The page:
Instead of just typing a target local folder name, I used the […] button to select a folder and as there was not one, I used the ‘Create Folder’ option to create it.
            SourceTree didn’t like this as now there was a new folder in the repo that hadn’t been added to the tracked list. Interestingly, I couldn’t add an empty folder to the working set, so I dropped a test file into the folder and tried again. Full console output showed that this wouldn’t work as you can’t put a submodule into a tracked folder. Makes sense.
            At this point I realised that I should try just typing the name of a folder into the ‘Local Relative Path’ field and this worked a treat. Note that Git seems to ignore case in file names.

            Thanks again for your speedy response!

          • Jon
            Posted August 17, 2012 at 6:40 am | Permalink

            Edit on the above. I was incorrect about using […] to create a new local folder for the submodule. You CAN do that too.
            Some further investigation suggests that some failed previous attempts to include a submodule may have left some artefacts in the .git/modules folder that were messing things up.

            Again, the ‘show full console output’ option was extremely useful.

            Thanks again

  • Jason
    Posted December 23, 2012 at 11:46 am | Permalink

    When I commit, I want all my subrepos committed. I actually prefer the automated commits. Is there anyway to have SourceTree auto-commit?

  • Jeudí Prando Araújo
    Posted April 3, 2013 at 8:45 am | Permalink

    no show option in sidebar for submodule in sourcetree app
    and in my repo exists configuration of submodule running perfect in git bash
    how to show in sidebar option for submodule?

    • Anonymous
      Posted April 4, 2013 at 6:38 am | Permalink

      You’re probably using the Windows version which currently doesn’t have full submodule support. I’m working on it now, it will be in an update soon.

  • Django
    Posted July 5, 2013 at 2:49 pm | Permalink

    Hi. I am getting this error when i try to upload from a mac or PC. (Mac wording slightly different). fatal: reference is not a tree: 146edf3b99e599c568855df2cc0702b52829edc5

    I see things like this
    But wonder if there is a way to fix it within source tree?
    Thanks in advance for any help.

    • Anonymous
      Posted July 8, 2013 at 2:34 am | Permalink

      You can open the submodule in its own window by double-clicking the submodule entry in the sidebar. Then checkout a valid point in the history of that submodule repository (wherever makes sense, double-clicking a log row for example). Then return to the parent repository, and you should see that the commit you’re tracking on the submodule has changed. Commit that change, and that will record that new submodule commit as the one you’re now tracking from the parent, which shouldn’t suffer from the ‘reference is not a tree’ problem, because you checked out a valid one.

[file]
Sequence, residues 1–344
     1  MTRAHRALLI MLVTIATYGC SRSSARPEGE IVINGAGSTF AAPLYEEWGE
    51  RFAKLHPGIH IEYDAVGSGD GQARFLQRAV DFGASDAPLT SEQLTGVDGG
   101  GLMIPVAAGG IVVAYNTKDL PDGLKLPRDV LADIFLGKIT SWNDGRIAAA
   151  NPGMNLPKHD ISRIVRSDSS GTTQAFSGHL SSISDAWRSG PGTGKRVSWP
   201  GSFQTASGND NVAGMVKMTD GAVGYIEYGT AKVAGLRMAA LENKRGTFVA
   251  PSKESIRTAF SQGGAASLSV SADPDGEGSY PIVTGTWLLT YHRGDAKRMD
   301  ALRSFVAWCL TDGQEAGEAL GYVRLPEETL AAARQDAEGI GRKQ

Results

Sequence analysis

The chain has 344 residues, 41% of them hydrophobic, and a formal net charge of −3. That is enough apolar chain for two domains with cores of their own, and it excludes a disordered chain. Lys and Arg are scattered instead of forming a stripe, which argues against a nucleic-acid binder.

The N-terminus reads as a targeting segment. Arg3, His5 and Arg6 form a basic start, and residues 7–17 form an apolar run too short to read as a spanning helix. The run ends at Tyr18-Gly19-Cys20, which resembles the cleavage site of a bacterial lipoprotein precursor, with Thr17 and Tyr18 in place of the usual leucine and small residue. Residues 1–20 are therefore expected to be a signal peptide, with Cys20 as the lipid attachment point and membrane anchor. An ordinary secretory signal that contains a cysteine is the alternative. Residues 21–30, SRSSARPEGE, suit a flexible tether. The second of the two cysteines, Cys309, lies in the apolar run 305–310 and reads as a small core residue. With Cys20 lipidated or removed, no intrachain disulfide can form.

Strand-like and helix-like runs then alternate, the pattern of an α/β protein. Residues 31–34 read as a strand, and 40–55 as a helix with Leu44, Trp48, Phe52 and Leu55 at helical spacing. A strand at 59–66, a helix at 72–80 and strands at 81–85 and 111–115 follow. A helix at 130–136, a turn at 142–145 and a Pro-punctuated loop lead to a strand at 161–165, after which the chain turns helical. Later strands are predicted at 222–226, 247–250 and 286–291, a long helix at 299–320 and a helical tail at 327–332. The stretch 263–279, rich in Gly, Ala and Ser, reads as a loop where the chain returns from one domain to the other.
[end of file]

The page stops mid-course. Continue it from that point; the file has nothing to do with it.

• Matthias
    Posted December 23, 2013 at 2:54 am | Permalink

    Hi, when I add a submodule using SourceTree on a mavericks mac it clones and produces .gitmodules and changes the .get/config, but the submodule does not show up in the side bar.
    When pushing this repo to reomote and cloning it into another repo the submodule folder remains empty.

    Is this a bug or is it my mistake somewhere?

    ciao Matthias

    • Matthias
      Posted December 23, 2013 at 2:55 am | Permalink

      btw: pressing hide and show does NOT solve this..

  • Nik Mikros
    Posted March 26, 2014 at 2:42 pm | Permalink

    I am getting the following error when I try to add a submodule to a local folder child. I made two dummy repos on the server child and parent the way I normally do, I can push and pull from each without a problem and I am using version 1.8.1 on the mac.

    git -c diff.mnemonicprefix=false -c core.quotepath=false -c credential.helper=sourcetree submodule add -f ssh:// child

    fatal: You are on a branch yet to be born

    Unable to checkout submodule ‘child’

    Reactivating local git directory for submodule ‘child’.

    Completed with errors, see above

    • Anonymous
      Posted March 27, 2014 at 2:50 am | Permalink

      Because submodules are tracked by commit, you need at least one commit on both ends of the relationship before it’ll work. When you say you created dummy repos, do they have at least one commit?

      • Anonymous
        Posted March 27, 2014 at 7:39 am | Permalink

        I thought of that too, they each have at least one commit. I am running the repo off a mac server, could that be a problem?

  • thinsoldier
    Posted August 2, 2015 at 5:21 pm | Permalink

    This is broken if your repositories are on BitBucket.